Senate passes FY2020 minibus; funding for public transit preserved

Nov. 1, 2019
The spending package includes $1.98 billion in CIG funds and $1 billion in BUILD grants.

The U.S. Senate passed a minibus spending package for Fiscal Year 2020 (H.R. 3055), which includes four appropriations bills concerning the Departments of Agriculture, Commerce, Housing and Urban Development, Interior, Justice and Transportation, as well as the Environmental Protection Agency and National Aeronautics and Space Administration. The spending package will now move into conference with the Senate and the House of Representatives. 

The U.S. Department of Transportation was provided $86.6 billion for FY2020 in the package, which is $167 million above the FY2019 enacted level. Within the USDOT’s portion of the package, key programs funded would include:

  • $1 billion for Better Utilizing Investments to Leverage Development (BUILD) grants with $15 million that would be available for planning grants.
  • $1.25 billion for the Surface Transportation Block Grant funds and for the elimination of hazards at railway/highway grade crossings.
  • $2.8 billion for the Federal Railroad Administration, which includes $255 million for the Consolidated Rail Infrastructure and Safety Improvement grants program, $300 million for Federal-State Partnership for State of Good Repair grants and $2 million for Restoration and Enhancement grants. Amtrak was funded with $2 billion, which includes $680 million for the Northeast Corridor.
  • $13.0 billion for the Federal Transit Administration, which includes $10.1 billion in transit formula grants from the Mass Transit Account of the Highway Trust Fund and $560 million in transit infrastructure grants from the general fund. The bill provides a total of $1.978 billion for Capital Investment Grants (CIG), fully funding all current “Full Funding Grant Agreement” transit projects, as well as new projects that have met the criteria of the CIG program.

Most important to the transit industry was the spending package’s inclusion of an amendment that would block automatic cuts to public transit funding, a penalty that would have cut $1.2 billion from formula funding and impacted every public transit agency in the U.S. The automatic reduction in funding was triggered earlier this year following the Mass Transit Account of the Highway Trust Fund failing a FY2020 forward-looking solvency test.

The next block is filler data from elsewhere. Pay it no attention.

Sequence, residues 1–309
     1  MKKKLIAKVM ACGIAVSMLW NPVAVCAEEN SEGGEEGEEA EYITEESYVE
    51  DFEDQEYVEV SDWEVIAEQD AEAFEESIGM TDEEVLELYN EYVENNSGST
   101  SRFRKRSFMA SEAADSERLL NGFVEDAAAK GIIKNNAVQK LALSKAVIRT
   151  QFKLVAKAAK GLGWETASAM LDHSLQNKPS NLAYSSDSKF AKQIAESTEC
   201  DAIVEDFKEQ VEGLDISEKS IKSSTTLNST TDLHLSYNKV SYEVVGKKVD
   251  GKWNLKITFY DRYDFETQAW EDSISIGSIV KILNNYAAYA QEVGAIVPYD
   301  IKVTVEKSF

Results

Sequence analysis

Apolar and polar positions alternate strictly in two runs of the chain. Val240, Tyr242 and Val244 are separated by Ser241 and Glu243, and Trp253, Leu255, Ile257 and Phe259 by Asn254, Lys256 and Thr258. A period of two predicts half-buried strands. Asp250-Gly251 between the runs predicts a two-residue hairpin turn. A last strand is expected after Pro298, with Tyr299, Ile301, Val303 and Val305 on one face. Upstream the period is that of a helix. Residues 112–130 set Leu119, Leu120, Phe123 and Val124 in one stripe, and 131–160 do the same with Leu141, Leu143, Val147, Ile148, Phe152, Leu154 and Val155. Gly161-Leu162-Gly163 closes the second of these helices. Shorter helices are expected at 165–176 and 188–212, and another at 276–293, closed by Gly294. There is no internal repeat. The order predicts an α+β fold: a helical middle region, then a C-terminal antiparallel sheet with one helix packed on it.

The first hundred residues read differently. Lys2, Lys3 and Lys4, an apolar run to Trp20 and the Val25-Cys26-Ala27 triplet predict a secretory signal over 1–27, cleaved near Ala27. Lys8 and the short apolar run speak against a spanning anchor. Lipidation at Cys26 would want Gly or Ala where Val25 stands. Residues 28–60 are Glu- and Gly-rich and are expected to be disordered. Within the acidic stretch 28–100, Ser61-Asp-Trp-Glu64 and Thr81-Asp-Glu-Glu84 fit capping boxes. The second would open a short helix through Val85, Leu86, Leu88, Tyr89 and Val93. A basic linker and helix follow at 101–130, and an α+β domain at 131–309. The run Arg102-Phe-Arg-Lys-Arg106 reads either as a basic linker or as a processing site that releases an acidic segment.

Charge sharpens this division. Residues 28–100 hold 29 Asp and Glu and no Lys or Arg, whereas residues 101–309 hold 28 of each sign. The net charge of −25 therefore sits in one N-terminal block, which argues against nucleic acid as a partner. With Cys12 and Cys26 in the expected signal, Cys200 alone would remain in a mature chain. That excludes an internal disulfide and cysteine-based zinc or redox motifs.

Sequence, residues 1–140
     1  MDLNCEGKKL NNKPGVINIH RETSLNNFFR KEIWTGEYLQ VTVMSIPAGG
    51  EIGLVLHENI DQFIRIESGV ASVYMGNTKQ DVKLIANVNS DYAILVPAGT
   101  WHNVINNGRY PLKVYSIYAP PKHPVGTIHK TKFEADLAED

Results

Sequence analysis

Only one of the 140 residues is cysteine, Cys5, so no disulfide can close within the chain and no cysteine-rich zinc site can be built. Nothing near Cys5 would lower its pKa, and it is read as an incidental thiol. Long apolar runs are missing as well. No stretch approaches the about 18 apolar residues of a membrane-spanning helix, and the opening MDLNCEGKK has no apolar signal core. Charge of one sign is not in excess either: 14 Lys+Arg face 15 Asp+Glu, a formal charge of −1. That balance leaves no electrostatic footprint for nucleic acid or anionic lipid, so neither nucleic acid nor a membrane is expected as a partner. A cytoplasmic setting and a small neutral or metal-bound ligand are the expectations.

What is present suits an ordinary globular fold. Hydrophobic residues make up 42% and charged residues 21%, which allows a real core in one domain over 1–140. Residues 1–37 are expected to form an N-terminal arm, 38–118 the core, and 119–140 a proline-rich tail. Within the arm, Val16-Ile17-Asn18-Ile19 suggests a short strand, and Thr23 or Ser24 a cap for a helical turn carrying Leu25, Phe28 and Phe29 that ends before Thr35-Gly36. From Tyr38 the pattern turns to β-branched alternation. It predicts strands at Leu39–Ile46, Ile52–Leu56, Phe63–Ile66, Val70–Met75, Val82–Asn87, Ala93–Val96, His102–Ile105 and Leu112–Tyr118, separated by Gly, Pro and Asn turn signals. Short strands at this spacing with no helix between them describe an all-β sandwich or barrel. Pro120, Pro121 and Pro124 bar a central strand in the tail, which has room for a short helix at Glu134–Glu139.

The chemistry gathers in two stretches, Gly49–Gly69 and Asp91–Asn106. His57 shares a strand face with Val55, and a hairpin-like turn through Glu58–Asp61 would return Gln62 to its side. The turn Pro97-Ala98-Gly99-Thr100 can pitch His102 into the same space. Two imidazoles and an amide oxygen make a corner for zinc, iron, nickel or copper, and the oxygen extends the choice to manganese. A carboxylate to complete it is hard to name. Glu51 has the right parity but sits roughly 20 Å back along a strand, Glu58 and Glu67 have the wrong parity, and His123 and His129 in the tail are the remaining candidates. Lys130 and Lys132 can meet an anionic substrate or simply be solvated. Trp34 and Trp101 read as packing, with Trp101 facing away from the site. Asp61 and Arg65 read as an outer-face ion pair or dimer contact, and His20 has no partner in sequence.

The amendment to block the automatic cut was submitted by U.S. Sen. Martha McSally (R-AZ) and U.S. Sen. Doug Jones (D-AL).

“Without legislative action to block this cut, public transit agencies across America will suffer a 12 percent across-the-board funding cut,” said Sen. McSally. “These cuts would be devastating to all of our communities. Transit funds in my home state of Arizona are critically important to our quickly growing communities. Maricopa County was the fastest-growing county in the United States last year, and cities such as Flagstaff and Tucson are also attracting more jobs and more families.”

The American Public Transportation Association led a coalition supporting the amendment. APTA President and CEO Paul Skoutelas said the association hailed the passage of the spending package with the adoption of the McSally-Jones amendment.

“The Jones-McSally Amendment prevents a $1.2 billion cut to public transportation funding by blocking a 12 percent across-the-board funding cut to every transit agency in the nation in fiscal year 2020,” said Skoutelas. “APTA thanks Sen. Doug Jones and Sen. Martha McSally for offering this critical bipartisan amendment to protect public transit funding from implementation of the Rostenkowski Test… APTA remains committed to building a stronger and more interconnected transportation system across America and will continue to work with Congress and the Administration to ensure adequate funding is available to maintain transit services and support critical projects that will repair, maintain and improve our public transit systems today and in the future.”

About the Author

Mischa Wanek-Libman | Editor in Chief

Mischa Wanek-Libman serves as editor in chief of Mass Transit magazine. She is responsible for developing and maintaining the magazine’s editorial direction and is based in the western suburbs of Chicago.

Wanek-Libman has spent more than 20 years covering transportation issues including construction projects and engineering challenges for various commuter railroads and transit agencies. She has been recognized for editorial excellence through her individual work, as well as for collaborative content. 

She is an active member of the American Public Transportation Association's Marketing and Communications Committee and serves as a Board Observer on the National Railroad Construction and Maintenance Association (NRC) Board of Directors.  

She is a graduate of Drake University, where she earned a Bachelor of Arts degree in Journalism and Mass Communication with a major in magazine journalism and a minor in business management.